Duterte on facing another complaint in ICC: 'Go ahead'

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Davao City (CNN Philippines, May 16) — President Rodrigo Duterte on Tuesday said he's ready to face any complaint against him in any tribunal.

His statement comes after a critic in the House of Representatives who brought forth a failed impeachment complaint said he was considering filing his own communication against the Duterte in the International Criminal Court (ICC) in The Hague.

"Yeah, he can go ahead. He is free to do it," Duterte said in remarks upon arriving here from Beijing. "This is a democracy."

On Monday, the House Committee on Justice junked an impeachment complaint filed by Magdalo Party-List Rep. Gary Alejano against Duterte.

Read: House committee effectively dismisses impeachment complaint vs. Duterte

The panel found Alejano's complaint sufficient in form, but insufficient in substance.

Alejano filed the complaint in March 2017 based on claims of alleged extrajudicial killings, corruption, and other illegal acts supposedly committed by Duterte both as President and as then-Mayor of Davao City.

Read: Duterte faces impeachment complaint over alleged killings, corruption

When asked his next move following the failure of his impeachment case in the lower house's justice committee, Alejano said he was thinking of filing a document against Duterte at the ICC.

The document is known in the ICC as a "communication," which lays out for the ICC reasons why a state's official should be investigated.

"Pilit kong maniwala sa proseso ng Kongreso pero nakita natin ang nangyari," Alejano said. "With what happened right now, pinag-iisipan ko po, nakikipag-discuss sa grupo, na sasama na kaming magreklamo sa ICC," he added.

[Translation: I continued to believe in the process in Congress, but we saw what happened. With what happened right now, I am thinking about and discussing with other groups about joining in filing a communication at the ICC.]

A communication was filed before the ICC in the Hague on April 24 by Jude Sabio, lawyer of confessed hitman Edgar Matobato, charging Duterte with crimes against humanity for the death of 1,400 people in the hands the so-called Davao Death Squad (DDS) under then-Mayor Duterte.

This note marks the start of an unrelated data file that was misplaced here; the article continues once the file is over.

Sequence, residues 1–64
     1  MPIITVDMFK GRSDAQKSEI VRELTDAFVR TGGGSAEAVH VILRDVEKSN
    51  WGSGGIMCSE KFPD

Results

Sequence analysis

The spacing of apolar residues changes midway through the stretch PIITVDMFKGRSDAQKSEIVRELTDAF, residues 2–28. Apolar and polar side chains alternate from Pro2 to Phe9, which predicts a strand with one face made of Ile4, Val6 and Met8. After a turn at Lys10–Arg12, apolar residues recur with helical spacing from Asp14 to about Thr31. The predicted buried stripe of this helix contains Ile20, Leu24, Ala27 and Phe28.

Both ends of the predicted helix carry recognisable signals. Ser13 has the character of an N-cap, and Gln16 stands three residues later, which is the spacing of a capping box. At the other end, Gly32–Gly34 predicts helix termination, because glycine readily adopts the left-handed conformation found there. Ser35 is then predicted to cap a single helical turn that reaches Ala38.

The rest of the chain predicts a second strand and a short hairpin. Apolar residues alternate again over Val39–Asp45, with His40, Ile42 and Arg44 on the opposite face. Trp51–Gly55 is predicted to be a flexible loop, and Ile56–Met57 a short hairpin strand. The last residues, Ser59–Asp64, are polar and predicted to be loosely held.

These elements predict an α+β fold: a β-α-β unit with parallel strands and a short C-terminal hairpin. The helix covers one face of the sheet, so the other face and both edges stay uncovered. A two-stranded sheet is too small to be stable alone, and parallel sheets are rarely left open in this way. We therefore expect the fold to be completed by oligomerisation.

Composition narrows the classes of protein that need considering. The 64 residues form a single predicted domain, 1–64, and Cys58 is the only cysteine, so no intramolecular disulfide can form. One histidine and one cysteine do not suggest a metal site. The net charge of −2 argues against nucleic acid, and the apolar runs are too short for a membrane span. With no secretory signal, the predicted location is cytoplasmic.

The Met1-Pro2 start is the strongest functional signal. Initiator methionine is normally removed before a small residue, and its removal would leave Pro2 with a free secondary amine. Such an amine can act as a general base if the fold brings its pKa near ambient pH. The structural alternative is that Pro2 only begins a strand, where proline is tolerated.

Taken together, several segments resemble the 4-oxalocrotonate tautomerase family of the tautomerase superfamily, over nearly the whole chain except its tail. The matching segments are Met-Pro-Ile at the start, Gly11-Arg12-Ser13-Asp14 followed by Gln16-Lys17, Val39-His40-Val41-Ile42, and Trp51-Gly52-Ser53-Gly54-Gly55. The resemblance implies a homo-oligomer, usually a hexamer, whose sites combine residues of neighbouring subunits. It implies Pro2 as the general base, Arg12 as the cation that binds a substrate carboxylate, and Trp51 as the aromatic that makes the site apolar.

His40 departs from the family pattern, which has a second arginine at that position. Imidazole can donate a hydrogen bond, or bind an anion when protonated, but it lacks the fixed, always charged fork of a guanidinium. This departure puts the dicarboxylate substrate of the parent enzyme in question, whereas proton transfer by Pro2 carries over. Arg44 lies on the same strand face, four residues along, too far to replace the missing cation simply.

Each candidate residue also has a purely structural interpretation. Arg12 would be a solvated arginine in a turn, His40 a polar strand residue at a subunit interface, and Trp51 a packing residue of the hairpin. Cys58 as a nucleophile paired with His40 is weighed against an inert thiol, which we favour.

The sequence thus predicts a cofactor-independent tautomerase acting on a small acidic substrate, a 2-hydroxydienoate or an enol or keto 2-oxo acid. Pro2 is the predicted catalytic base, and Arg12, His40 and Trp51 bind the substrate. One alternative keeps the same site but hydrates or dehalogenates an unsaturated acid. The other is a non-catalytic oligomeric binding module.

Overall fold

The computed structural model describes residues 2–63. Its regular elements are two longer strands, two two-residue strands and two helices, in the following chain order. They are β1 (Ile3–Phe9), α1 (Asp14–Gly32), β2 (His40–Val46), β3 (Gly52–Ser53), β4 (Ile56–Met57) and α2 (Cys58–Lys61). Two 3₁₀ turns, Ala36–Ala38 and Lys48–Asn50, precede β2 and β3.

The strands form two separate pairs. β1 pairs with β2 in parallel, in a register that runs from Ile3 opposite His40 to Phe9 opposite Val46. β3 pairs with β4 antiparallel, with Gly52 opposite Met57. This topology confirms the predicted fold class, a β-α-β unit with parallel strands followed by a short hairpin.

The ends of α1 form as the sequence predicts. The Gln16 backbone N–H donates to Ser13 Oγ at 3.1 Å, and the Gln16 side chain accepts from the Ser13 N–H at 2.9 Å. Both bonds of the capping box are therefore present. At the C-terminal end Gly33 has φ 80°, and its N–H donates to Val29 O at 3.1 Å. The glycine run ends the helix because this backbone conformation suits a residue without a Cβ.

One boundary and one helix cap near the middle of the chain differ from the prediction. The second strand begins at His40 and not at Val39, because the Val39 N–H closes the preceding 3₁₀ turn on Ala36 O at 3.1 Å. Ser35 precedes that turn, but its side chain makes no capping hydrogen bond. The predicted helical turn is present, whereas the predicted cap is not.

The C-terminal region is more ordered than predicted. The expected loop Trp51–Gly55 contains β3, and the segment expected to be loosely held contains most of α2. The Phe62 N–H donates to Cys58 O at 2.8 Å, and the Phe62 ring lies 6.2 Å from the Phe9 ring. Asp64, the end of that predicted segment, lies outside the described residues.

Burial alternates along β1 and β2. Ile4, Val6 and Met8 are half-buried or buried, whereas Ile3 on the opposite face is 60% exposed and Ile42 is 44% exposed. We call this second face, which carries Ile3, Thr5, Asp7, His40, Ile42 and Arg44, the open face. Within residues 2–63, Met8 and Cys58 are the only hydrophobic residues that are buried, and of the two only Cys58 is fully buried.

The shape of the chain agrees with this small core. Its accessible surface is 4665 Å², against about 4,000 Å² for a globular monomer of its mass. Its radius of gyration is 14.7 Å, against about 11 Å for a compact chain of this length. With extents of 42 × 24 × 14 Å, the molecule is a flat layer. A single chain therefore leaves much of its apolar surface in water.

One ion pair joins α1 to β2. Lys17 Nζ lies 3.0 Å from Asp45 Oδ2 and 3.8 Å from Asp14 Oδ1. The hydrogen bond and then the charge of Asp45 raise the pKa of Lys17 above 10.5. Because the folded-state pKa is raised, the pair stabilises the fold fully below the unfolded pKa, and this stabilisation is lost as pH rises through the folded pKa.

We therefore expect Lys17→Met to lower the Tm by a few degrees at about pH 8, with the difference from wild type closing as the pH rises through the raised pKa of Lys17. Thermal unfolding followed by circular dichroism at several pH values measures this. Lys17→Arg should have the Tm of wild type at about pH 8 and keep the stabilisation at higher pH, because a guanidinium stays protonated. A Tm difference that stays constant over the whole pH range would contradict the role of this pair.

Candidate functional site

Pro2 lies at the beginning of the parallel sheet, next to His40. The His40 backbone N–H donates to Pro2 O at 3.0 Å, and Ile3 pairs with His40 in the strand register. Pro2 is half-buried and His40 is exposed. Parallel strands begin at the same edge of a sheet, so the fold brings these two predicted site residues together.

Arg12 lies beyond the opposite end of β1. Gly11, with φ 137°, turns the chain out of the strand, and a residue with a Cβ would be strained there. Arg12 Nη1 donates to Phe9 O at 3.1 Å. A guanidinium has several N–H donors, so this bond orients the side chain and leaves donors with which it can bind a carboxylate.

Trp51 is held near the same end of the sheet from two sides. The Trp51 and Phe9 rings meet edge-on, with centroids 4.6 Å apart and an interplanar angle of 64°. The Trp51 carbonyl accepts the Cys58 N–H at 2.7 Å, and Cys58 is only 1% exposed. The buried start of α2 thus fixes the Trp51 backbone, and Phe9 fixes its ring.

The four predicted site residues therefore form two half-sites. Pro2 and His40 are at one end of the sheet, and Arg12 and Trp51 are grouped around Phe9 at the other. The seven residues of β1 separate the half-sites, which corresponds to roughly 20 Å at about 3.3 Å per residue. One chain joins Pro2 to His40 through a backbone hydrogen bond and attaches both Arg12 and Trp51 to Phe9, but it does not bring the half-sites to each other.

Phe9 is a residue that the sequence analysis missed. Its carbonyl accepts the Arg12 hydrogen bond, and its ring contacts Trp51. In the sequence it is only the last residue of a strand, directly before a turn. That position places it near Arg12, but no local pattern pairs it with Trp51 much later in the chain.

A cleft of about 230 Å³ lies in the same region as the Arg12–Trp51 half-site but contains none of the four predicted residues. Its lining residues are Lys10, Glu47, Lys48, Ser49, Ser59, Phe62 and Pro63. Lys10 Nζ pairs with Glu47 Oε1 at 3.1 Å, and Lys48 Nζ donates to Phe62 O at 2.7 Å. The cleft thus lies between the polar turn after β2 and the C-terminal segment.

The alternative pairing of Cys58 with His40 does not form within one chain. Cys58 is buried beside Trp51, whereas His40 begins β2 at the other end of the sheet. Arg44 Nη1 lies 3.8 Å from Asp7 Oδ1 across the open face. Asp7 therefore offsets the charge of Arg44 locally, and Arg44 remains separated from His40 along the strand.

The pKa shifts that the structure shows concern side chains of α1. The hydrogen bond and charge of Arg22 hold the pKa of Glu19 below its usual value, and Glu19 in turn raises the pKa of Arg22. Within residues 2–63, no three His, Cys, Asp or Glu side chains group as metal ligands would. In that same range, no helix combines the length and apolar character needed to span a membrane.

Read: Lawyer asks international court to look into 'mass murder' in PH

Duterte has been investigated in the past by the Commission on Human Rights and the Justice Department during his term as mayor and the Senate held hearings on the alleged extrajudicial killings related to his 11-month-old war against illegal drugs.

But there has yet to be any evidence that he ordered or had a direct hand in them.

Read: Senate report: No 'DDS,' no Duterte hand in killings

"Look, I was investigated by the (Commission on) Human Rights when (Leila De Lima) was still the Chairman," Duterte said. "I was investigated again when she was the Justice Secretary, then I was investigated again by the Senate and I was investigated again by the House. Ano pa bang gusto nilang [What more do they want to do]," he added.

Duterte said although there have been casualties in the war on drugs, he is not sanctioning murder.

"Totoo 'yang may namatay," he said. "Ano ba namang gyera sa droga na walang namatay? Pero not in the character and kind that I was dished out 'yung mag-utos ng ganun pati bata. Kalokohan 'yon. Kilala man ninyo ako."

[Translation: It's true that there are deaths. What drug war doesn't have deaths? But it's not in the character and kind that I was dished out as the one who ordered killings, including children. That's crazy. You know who I am.]

According to statistics from the Philippine National Police (PNP), around 2,500 drug suspects were killed, over 53,000 arrested, and nearly 1.2 million surrendered in the government's anti-drug campaign from July 2016 until January 2017, when it was suspended following the kidnap and murder of Korean businessman Jee Ick-joo in the guise of an anti-drug operation.

Read: War on drugs suspended, takes back seat in war against rogue cops

The campaign was relaunched in March 2017, with police chief Ronald Dela Rosa saying that the campaign would be less bloody and would focus on rehabilitation for those who surrender.

Read: PNP relaunches 'less bloody' Oplan Tokhang

As of May 2017, the PNP noted 183 deaths in police operations, as well as 12,766 arrested, and 15,772 who surrendered since March.

However, international human rights group Amnesty International claimed in April 2017 that there have been 9,000 deaths since the drug campaign began in July 2016.

Read: Amnesty Int'l urges ASEAN leaders, PH gov't to act on 'bloodshed'

The Duterte administration has repeatedly denied that the killings are state sanctioned and launched a campaign to inform the public about the drug war.

Read: Gov't forum clarifies numbers in Duterte's war on drugs

CNN Philippines Senior Correspondent Ina Andolong contributed to this report.

(Story revised 3:30 p.m. of May 16 to include revised byline.)